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Promoting Greater Transparency and Accountability in Higher Education

The Department of Education announced executive actions and legislative proposals to promote transparency and accountability in higher education.

The Department of Education recently announced executive actions and legislative proposals to strengthen accreditation, the stamp of approval that colleges need before accessing federal financial aid. Together, these actions build on the work that this Administration has done to ensure that higher education institutions are effectively serving students and families while staying accountable to taxpayer dollars.

The Administration’s accreditation executive actions promote transparency and accountability in higher education by, among other efforts, publishing each accreditor’s standards for evaluating student outcomes and requiring accreditors to submit decision letters for institutions on probation. The Department of Education continues to call on Congress to promote accountability through student outcomes, with proposals including: repealing the ban on enforcing the use of student achievement standards in accreditation; requiring teach-out plans from high-risk institutions to ensure current students can still complete a degree elsewhere if a school closes; standardizing common definitions and data reporting; and publishing accreditation documents.

In his 2013 State of the Union address, the President recognized that we cannot continue to maintain the archaic 19th century accreditation system because it inhibits the very goals we are trying to achieve today: expanding college opportunity and preparing students to pursue their academic and career goals. Many colleges continue to stay accredited and receive Federal financial aid despite graduating a small fraction of their students on time, leaving students with unmanageable levels of debt that they are not repaying on time, and failing to prepare students for their career goals.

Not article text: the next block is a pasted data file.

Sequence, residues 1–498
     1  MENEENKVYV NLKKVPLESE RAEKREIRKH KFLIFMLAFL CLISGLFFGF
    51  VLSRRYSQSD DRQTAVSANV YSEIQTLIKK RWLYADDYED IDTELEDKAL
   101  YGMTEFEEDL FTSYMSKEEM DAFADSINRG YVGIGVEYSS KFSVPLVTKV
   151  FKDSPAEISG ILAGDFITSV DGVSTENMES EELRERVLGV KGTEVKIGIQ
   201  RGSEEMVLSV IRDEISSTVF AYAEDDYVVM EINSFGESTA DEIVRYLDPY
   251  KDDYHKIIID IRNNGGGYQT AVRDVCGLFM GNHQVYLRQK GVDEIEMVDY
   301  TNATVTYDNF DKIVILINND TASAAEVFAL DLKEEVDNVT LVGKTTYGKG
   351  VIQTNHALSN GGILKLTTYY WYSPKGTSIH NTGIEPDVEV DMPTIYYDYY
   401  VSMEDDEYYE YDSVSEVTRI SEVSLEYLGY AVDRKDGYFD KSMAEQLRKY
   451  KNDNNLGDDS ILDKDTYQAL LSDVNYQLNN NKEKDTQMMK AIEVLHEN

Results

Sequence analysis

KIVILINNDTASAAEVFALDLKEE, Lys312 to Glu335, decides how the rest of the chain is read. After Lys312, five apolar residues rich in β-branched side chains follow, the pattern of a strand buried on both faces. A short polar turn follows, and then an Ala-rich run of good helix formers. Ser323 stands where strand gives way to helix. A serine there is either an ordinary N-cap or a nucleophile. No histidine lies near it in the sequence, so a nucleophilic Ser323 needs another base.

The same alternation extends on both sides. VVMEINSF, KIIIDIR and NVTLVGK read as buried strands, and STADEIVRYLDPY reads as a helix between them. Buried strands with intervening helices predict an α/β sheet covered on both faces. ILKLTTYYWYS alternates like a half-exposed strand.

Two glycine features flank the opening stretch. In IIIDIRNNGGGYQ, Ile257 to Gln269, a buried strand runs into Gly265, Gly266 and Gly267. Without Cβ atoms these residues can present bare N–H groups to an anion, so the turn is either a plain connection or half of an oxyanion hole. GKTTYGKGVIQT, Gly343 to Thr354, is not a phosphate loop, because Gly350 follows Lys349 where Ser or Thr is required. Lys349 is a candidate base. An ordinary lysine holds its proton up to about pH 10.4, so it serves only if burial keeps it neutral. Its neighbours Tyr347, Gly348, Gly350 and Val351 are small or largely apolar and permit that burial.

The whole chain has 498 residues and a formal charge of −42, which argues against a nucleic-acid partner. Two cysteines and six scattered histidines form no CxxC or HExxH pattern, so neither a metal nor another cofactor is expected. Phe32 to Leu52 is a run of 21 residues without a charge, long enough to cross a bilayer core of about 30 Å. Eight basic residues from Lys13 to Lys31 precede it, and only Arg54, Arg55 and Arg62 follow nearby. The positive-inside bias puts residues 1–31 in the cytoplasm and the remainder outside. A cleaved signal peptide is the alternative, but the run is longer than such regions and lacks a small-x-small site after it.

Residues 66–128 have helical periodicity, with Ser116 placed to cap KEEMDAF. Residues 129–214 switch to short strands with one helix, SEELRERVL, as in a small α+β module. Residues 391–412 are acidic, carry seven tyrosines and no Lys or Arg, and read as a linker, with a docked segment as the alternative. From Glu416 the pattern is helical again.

To combat these shortcomings, the President called on Congress to consider value, affordability, and student outcomes in making determinations about which colleges and universities receive access to the $150 billion in Federal student aid. The Administration has made historic investments in Pell grants and tax credits to make this Federal financial aid available, but it is allocated primarily based on student enrollment, rather than on student learning or success. Aside from the Federal government, plenty of other partners – like grantors, philanthropists, and alumni – also invest their limited time and money to higher education institutions and have an interest in ensuring that they are investing those limited resources wisely. The President continues to advocate for including measures of value and affordability in the existing accreditation system, or establishing a new, alternative system of accreditation that promotes student learning and success rather than enrollment alone.

The Administration also recognizes that there are many efforts across the higher education community to explore new ideas and more affordable models for offering a quality education, such as alternative structures to the semester-based curriculum, more short-term credential options, and online skills training. The Administration is exploring such approaches through its experimental sites initiatives, including Competency-Based Education, alternative approaches to accreditation through EQUIP, and the use of Pell for short-term programs, and aims to hold these ideas to higher standards to ensure they all offer students a quality education. As the Administration tests these promising ideas, it continues to call on Congress to explore rigorous alternative approaches to accreditation that are responsive to the need for higher standards and accountable innovation.

Together with the Administration’s College Scorecard, these actions to improve and strengthen college accreditation advance the President’s call to better align valuable higher education resources with the public’s interest in helping students succeed.